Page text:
Safety in Numbers Doesn’t Always Apply to Extinction Risk
A basic tenet underpinning scientists’ understanding of extinction is that more abundant species persist longer than their less abundant counterparts, but a new University of Georgia study reveals a much more complex relationship. A team of scientists analyzed more than 46,000 fossils from 52 sites and found that greater numbers did indeed help clam-like brachiopods survive the Ordovician extinction, which killed off approximately half of the Earth’s life forms some 444 million years ago. Surprisingly, abundance did not help brachiopod species persist for extended periods outside of the extinction event.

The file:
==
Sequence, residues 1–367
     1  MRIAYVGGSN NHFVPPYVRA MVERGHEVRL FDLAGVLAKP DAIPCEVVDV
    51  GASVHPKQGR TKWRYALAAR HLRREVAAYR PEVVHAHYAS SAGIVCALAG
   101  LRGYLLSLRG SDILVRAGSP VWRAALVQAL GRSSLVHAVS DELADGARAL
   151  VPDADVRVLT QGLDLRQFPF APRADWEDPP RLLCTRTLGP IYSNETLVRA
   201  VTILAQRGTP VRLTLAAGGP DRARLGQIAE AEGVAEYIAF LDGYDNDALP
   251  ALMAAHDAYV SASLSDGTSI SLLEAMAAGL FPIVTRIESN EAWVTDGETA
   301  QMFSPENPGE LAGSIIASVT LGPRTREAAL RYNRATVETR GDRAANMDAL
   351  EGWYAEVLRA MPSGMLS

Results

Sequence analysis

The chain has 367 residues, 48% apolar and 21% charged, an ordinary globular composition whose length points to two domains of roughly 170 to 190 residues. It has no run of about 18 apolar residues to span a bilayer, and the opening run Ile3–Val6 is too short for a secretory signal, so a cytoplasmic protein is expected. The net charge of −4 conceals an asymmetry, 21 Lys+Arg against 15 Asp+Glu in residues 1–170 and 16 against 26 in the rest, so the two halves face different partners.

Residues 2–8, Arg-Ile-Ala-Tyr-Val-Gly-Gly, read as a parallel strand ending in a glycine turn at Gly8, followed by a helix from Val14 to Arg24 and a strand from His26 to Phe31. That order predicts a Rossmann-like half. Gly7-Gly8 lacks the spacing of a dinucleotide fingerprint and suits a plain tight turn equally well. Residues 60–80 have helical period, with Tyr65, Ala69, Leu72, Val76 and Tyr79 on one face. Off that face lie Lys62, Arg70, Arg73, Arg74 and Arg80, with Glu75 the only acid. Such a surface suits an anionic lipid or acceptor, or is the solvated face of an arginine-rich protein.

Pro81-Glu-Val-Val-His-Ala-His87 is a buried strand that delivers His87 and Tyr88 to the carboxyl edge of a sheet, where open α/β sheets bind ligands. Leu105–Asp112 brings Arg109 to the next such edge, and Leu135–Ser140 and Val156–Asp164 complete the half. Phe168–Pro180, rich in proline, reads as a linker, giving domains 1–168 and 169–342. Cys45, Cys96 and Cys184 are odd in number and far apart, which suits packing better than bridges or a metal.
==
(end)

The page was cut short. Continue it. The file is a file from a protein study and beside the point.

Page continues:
Study co-author Steven Holland, a professor of geology in the UGA Franklin College of Arts and Sciences, said the seemingly paradoxical finding suggests that predicting which species are at risk of extinction is an extremely dicey endeavor.